By Ray Stern
By Ray Stern
By New Times
By Amy Silverman
By Stephen Lemons
By Stephen Lemons
By Monica Alonzo
By Chris Parker
Which entailed free love.
The cult was most notorious for its tactic of evangelism through sex, termed "flirty fishing," in which women were supposed to bring men to God by seducing them.
Cult members couldn't figure out if McGuire was a good neighbor or a federal agent, which he definitely wasn't. Female cultists were dispatched to do some flirty fishing.
"Five or six times a beautiful young girl would show up at my door [and say] she could only survive if I helped her," McGuire says. "It was always the same story: She needed to get out of some situation and she was going to kill herself if she didn't get some help. By the last few, I was like, `Well, maybe the world would be a better place if you weren't in it.' It just got ridiculous."
Latham says, "He got in with some pretty weird people up there."
Finally, an older woman showed up at his door. McGuire took a liking to her and they began living together. Much of the time, though, she seemed to be interviewing him. He would give his thoughts on the Bible and theology. She would then disappear for long periods. McGuire assumed she was off passing along what he had said to other cult members.
One night, she returned with a revelation. She told McGuire that cult members had come to believe he was the reincarnation of Zillah, who they thought was, according to the Bible, the first weapons designer for the Assyrian army. Zillah was actually one of the wives of Lamech, one of the descendants of Cain in Genesis.
"They didn't know what the hell they were talking about," he says now. "But it was still nice to be assigned a character from the Bible."
Neighbors began visiting him. They would talk deep into the night. Recalling his years proselytizing as a teen, he became a sort of pastor to the group.
Things on the mountain turned sour, though, when the woman decided she wanted her three children to move in with her and McGuire in his house. That led to a fight. She threatened to burn down the house. McGuire pitched her a bottle of rubbing alcohol, challenging her to do it. She stormed out.
A few minutes later, McGuire smelled smoke.
He went outside and discovered the rear of the house on fire. His girlfriend, sitting on a doghouse out back, blithely commented, "Looks like you've got a fire."
By the time the local volunteer fire department got there, the house and much of McGuire's belongings were gone.
So he got in his truck and headed back to his parents' home in Arizona. Where he was no longer welcome.
After a few rocky weeks with Gordon's parents, who were in the process of separating, Darrell McGuire suggested that his son go to Lubbock, Texas, to help his grandmother.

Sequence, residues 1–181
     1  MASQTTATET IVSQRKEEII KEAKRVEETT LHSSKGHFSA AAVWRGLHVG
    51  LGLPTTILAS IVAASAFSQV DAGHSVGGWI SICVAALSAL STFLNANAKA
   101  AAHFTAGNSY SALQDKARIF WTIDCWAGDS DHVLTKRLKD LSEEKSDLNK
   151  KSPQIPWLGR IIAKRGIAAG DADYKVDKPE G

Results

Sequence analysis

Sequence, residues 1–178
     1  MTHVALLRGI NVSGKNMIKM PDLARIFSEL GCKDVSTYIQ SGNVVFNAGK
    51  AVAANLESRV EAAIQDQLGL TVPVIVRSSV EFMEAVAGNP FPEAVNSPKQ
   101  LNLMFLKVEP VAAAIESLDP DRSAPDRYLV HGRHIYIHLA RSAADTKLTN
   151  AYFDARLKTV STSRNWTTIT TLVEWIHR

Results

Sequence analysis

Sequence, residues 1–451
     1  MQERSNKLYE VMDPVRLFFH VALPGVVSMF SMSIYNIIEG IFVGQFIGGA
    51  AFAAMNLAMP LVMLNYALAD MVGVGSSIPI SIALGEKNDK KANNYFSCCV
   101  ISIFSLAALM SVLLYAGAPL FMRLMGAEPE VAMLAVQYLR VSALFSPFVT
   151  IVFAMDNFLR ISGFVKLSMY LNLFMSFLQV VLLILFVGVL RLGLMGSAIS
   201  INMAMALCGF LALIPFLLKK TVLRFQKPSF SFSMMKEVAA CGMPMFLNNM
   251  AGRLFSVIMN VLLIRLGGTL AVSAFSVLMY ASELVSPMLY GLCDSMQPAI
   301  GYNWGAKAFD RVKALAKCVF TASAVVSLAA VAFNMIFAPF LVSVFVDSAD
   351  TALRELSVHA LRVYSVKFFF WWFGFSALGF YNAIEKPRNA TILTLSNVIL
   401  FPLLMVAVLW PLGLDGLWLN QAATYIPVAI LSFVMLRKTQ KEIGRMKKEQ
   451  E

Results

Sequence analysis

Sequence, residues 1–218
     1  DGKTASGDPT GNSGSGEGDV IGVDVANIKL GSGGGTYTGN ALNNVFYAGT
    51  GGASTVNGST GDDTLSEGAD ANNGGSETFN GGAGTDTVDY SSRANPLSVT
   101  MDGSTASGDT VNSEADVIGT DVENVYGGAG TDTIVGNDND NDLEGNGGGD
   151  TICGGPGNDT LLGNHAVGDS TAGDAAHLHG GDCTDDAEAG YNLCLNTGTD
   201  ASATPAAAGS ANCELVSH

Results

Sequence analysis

"She didn't need much help," Gordon says. "My dad just wanted me out of there. He had a new woman. I don't think I was part of his plans."
He went to Lubbock, where much of his extended family lives. He was surprised by the warm welcome, especially from one cousin and her female friend, Sonya.
Sonya, still striking at 52 years old, immediately latched onto McGuire, and within weeks they were living together.
Later, McGuire found out that his cousins had told Sonya that he came from a rich family and had recently received a large accident settlement.
"I was a sugar daddy, I guess," he says. "At first I just thought it was love."
Or lust. The couple would have sex several times a day, often spending whole days in bed. McGuire's body felt better. He didn't need the meth during his time with Sonya.
He later found a scientific study on the Internet explaining what he might have been feeling. Ejaculations, the study said, help keep lymphatic fluid moving through the body.
"I'm assuming it just helped keep all those fluids from pooling," he says. "Whatever was happening, it made me feel pretty good."
But his new girlfriend was also going through his money quickly. And in time, he came to find out that his lover had a checkered past.
One day at a park, McGuire struck up a conversation with a man walking his dog. The man said he worked at a nearby state school for troubled kids. McGuire told the man that his girlfriend had worked at the state school, too.
The man asked McGuire jokingly if his girlfriend was one of the women fired for running a prostitution ring out of the school.
The man described the ringleader of the group. He said the madam, a voluptuous woman approaching 50, would make her students scrub the bathrooms with toothbrushes.
Sonya had told McGuire about making her students scrub bathrooms with toothbrushes.
McGuire brought up the issue later during an argument, and Sonya came clean about her days at the school. Later, she bragged to him about having a black book "with all the sexual proclivities of all the town's leaders in it."
McGuire could deal with his girlfriend's being a notorious madam. But her spending was draining him, cutting into the nest egg he planned to use to move back to California and buy a house. When his savings dropped to $20,000, he left Sonya and Texas and headed back to Lake Elsinore.